"'First, it is my orders that you have to follow. You will act directly according to my orders. The art objects collected in the Jeu de Paume are to be loaded on a special train immediately and taken to Germany by order of the Reich Marshal. These art objects which are to go into the Fuehrer's possession and those art objects which the Reich Marshal claims for himself, will be loaded on two railroad cars which will be attached to the Reich Marshal's special train, and upon his departure for Germany, at the beginning of next week, will be taken along to Berlin. Feldfuehrer Von Behr will accompany the Reich Marshal in his special train on the journey to Berlin.'

 

"When I made the objection that the jurists would probably be of a different opinion and that protests would most likely be made by the military commander in France, the Reich Marshal answered, saying verbatim as follows, 'Dear Bunjes let me worry about that; I am the highest jurist in the State.'

 

"The Reich Marshal promised to send from his headquarters by courier to the Chief of the Military Administrative District of Paris on Thursday, 6 February, the written order for the transfer to Germany of the confiscated Jewish art treasures."

 

Now, does that refresh your memory?

 

GOERING: Not in the least, but it is not at all in contradiction to what I have said with respect to the art treasures, with the exception of one sentence. It is pure nonsense that I should have said that I was the highest jurist in the state because that, thank God, I was not. That is something which Mr. Bunjes said, and I cannot be held responsible for every statement which anyone may have made to somebody else without my having any possibility of correcting it. As for the rest, it corresponds to the statement I made recently.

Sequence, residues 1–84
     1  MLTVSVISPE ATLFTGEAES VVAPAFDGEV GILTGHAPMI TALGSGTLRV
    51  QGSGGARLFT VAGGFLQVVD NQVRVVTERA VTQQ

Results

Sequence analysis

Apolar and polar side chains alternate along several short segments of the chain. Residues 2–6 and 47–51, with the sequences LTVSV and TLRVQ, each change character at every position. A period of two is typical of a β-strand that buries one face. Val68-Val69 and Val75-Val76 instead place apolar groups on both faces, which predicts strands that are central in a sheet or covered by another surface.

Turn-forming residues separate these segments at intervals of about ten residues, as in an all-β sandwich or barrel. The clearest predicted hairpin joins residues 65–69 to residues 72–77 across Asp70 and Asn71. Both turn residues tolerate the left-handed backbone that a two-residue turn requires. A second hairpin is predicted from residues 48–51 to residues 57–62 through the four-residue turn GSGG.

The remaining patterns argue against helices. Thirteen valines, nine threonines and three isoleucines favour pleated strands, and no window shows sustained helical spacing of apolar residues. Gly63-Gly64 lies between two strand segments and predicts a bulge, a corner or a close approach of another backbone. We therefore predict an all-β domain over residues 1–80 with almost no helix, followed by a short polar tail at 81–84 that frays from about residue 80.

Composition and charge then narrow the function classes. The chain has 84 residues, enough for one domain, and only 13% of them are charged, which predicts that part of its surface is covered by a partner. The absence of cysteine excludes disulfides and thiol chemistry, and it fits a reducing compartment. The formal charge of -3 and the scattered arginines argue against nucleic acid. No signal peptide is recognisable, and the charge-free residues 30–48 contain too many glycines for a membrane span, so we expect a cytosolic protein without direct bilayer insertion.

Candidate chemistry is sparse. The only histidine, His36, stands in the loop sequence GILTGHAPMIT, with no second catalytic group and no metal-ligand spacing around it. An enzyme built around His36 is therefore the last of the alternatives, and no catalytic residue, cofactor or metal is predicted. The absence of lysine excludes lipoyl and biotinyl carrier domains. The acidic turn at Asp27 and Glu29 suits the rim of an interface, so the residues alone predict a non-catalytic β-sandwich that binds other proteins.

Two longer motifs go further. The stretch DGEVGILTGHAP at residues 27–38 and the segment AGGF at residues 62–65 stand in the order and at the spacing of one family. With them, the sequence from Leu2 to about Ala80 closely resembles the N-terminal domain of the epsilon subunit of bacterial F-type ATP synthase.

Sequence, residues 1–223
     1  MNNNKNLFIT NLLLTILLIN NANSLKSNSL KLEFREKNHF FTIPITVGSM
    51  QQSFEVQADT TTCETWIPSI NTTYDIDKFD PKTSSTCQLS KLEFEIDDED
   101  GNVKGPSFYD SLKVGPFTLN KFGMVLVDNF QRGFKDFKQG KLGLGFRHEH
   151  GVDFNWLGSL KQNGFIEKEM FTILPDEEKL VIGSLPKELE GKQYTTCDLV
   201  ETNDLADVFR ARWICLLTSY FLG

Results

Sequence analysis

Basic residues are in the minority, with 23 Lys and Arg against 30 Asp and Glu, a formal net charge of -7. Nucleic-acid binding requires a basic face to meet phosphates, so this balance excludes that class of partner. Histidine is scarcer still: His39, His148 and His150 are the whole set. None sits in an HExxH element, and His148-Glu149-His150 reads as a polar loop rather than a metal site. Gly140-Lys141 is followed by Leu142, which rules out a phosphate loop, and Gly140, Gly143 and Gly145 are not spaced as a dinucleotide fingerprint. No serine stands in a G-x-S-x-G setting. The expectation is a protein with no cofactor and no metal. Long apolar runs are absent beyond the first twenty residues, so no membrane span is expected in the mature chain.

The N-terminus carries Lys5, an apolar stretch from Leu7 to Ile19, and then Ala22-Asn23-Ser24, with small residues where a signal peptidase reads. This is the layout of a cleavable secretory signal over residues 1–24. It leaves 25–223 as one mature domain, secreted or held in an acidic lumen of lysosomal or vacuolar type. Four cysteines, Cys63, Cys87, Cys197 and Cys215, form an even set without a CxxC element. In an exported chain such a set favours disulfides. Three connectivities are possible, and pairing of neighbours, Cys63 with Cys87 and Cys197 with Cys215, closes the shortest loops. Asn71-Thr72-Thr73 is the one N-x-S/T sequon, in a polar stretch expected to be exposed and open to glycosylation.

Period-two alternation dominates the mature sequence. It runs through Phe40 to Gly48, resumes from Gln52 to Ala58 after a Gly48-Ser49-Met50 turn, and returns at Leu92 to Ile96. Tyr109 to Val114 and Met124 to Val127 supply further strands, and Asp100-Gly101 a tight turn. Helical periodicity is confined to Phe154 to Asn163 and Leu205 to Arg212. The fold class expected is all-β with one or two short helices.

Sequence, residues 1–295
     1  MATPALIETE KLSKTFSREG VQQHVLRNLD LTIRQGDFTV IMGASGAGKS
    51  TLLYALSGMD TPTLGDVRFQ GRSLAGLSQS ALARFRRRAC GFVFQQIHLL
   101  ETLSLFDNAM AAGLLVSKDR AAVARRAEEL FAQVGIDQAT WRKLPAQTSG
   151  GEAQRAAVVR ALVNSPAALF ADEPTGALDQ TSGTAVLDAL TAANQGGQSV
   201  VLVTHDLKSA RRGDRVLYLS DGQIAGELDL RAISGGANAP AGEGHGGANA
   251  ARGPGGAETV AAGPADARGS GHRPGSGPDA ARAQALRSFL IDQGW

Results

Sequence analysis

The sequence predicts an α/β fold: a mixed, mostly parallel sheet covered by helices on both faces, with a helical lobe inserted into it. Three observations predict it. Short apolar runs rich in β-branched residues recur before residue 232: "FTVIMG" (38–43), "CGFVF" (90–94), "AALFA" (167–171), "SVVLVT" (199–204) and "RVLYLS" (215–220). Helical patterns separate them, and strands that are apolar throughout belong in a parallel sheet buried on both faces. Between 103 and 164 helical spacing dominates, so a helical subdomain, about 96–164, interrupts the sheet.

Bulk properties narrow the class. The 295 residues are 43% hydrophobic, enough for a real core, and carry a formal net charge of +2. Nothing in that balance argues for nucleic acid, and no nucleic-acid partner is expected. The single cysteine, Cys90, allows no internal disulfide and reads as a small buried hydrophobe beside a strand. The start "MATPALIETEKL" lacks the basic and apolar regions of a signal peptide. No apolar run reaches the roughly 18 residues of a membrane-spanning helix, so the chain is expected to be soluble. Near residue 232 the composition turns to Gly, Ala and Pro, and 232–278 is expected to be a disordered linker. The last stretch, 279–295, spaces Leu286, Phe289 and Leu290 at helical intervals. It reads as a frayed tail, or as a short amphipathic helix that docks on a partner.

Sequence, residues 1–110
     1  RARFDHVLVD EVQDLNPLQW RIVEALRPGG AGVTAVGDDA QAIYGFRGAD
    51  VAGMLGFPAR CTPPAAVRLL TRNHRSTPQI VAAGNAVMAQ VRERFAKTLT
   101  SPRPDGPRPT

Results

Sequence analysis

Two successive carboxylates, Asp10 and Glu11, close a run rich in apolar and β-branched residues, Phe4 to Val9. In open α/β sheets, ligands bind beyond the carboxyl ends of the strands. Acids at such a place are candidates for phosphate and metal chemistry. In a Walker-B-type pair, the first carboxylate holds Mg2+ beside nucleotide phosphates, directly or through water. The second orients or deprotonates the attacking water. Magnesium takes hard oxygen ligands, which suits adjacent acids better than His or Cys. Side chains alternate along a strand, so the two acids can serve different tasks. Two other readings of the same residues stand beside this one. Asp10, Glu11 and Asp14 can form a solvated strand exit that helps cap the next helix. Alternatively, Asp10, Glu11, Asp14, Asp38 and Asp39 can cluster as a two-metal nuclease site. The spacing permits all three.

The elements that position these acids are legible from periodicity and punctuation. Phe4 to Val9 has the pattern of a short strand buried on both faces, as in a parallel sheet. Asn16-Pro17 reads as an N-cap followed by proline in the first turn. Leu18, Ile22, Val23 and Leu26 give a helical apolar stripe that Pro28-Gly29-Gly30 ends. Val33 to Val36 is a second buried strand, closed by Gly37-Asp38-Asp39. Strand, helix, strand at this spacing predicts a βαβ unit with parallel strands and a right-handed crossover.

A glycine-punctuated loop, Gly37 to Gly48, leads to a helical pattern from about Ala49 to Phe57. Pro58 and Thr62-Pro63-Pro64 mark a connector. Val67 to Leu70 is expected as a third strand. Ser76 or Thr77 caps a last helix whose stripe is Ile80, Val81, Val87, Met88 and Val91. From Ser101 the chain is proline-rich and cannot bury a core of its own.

MR. JUSTICE JACKSON: Now, the art objects then were loaded on cars and shipped to Berlin, were they not?

 

GOERING: A part of them, yes.

 

MR. JUSTICE JACKSON: I now call your attention to, and ask to have you shown, Document 014-PS, Exhibit Number USA-784ow, I ask you to refresh your recollection by following this report to he Fuehrer with me, and tell me if this conforms with your testimony:

 

"I report the arrival..."

 

GOERING: I would like to point out that this report did not come from me.

 

MR. JUSTICE JACKSON: I understand that. I am asking if it is right or wrong.

 

"I report the arrival of the principal shipment of ownerless Jewish treasures of art at the salvage point Neuschwanstein by special train on Saturday the 15th of this month. It was secured by my Einsatzstab, in Paris. The special train, arranged for by Reich Marshal Hermann Goering, comprised 25 express baggage cars filled with the most valuable paintings, furniture, Gobelin tapestries works of artistic craftmanship, and ornaments. The shipment consisted mainly of the most important parts of the collections of Rothschild, Seligmann"-and half a dozen others.

 

Have you found that and is it correct?

 

GOERING: I do not know whether this is correct, since the report did not come from me. The only thing which I can remember is that I was asked by the Einsatzstab to see to it that a sufficient number of special cars, box cars was put at their disposal to ship the art treasures, since Jeu de Paume was not a safe place in case of air attacks. Neuschwanstein lies south of Munich. This concerns the objects destined for the Fuehrer.

 

I should like, however, to refer to the next sentence of this document, which was not written by me. It goes as follows:

 

"The confiscation actions of my Einsatzstab were begun in 10/1940 in Paris according to your order, my Fuehrer."

 

That coincides with what I have said in my previous statements.

 

MR. JUSTICE JACKSON: And would you care to read further?

 

GOERING: You mean where it says:

 

"Besides this special train, the main art objects selected by the Reich Marshal-mainly from the Rothschild collection- had previously been shipped in two special cars to Munich and were there put into the air raid shelter of the Fuehrerhaus."

 

They are those most precious works of art which I had designated for the Fuehrer, and which were to be sent, at the wish of the Fuehrer, to the air raid shelter. This had nothing to do directly with my affairs, but I did not dispute the fact, and I have explained it in detail.